Thursday, 2 March 2017

Sarehole Mill - Birmingham

Where I was born in Warwickshire the River Cole made its way from Birmingham to eventually meet the River Trent. Coleshill took its name from the river. At the bottom of the hill was a millpond, but the mill (valued in the Domesday Book as worth more than the entire town) was long gone. Trace the River Cole back into Birmingham and there was another mill, but this one is still standing, and still working.


The mill is situated in Hall Green, Birmingham, and many more people know it than they realise.


In 1542 the first mill was known as Biddle's Mill. By 1727 it had become High Wheel Mill. In 1755 it passed to the remarkable Matthew Boulton and he changed its use from the production of flour to the grinding of anything, from metal to fertilisers.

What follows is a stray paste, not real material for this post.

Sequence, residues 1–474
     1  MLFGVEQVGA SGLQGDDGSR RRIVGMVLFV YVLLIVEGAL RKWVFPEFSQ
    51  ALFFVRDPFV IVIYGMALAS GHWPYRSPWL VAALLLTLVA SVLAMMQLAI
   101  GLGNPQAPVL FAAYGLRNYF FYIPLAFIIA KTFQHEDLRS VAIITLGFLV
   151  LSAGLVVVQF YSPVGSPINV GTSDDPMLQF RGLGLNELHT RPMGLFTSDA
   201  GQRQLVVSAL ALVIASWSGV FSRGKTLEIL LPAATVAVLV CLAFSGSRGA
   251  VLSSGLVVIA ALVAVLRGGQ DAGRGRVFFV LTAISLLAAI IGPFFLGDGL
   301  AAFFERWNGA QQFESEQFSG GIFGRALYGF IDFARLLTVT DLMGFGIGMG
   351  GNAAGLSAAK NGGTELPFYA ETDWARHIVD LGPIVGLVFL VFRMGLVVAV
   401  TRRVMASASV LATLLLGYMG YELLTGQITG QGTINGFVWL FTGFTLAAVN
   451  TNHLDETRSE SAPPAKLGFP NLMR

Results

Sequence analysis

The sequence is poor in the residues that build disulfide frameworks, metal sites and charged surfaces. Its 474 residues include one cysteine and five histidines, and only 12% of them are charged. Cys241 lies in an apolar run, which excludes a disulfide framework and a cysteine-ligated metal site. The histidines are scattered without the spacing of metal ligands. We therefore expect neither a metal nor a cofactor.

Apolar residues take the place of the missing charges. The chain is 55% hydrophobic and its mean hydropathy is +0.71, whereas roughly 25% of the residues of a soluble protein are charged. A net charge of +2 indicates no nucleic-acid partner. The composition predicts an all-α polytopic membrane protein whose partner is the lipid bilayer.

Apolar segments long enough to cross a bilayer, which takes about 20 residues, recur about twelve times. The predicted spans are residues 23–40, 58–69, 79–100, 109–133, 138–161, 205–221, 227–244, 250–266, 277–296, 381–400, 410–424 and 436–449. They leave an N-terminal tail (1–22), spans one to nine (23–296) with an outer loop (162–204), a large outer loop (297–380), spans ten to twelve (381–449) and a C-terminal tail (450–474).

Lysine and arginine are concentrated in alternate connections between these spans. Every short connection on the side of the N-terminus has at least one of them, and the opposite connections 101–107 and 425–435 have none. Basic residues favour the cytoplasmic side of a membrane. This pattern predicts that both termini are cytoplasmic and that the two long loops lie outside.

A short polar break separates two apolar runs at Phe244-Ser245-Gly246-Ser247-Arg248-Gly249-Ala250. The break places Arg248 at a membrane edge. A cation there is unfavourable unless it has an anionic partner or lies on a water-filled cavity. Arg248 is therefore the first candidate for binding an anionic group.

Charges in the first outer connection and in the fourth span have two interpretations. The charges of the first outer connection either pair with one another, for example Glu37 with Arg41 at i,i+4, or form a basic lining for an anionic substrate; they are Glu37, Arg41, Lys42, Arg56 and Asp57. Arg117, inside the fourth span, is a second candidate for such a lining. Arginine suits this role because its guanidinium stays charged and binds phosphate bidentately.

It worked away until 1771, but then lay derelict until 1919. One very important person was very much influenced by the mill. He lived just three hundred yards away.


When it was mooted that the mill should be razed, a group of enthusiasts banded together to protect it, but it was not until 1969 that it was fully restored. Nowadays it opens to the public from Easter until October, grinds flour and produces bread on site.


The man who lived 300 yards away was J R R Tolkien and to him this was the Mill at Hobbiton, and if you have seen The Lord of the Rings, you will be familiar with the round doorways and windows of Hobbit homes.





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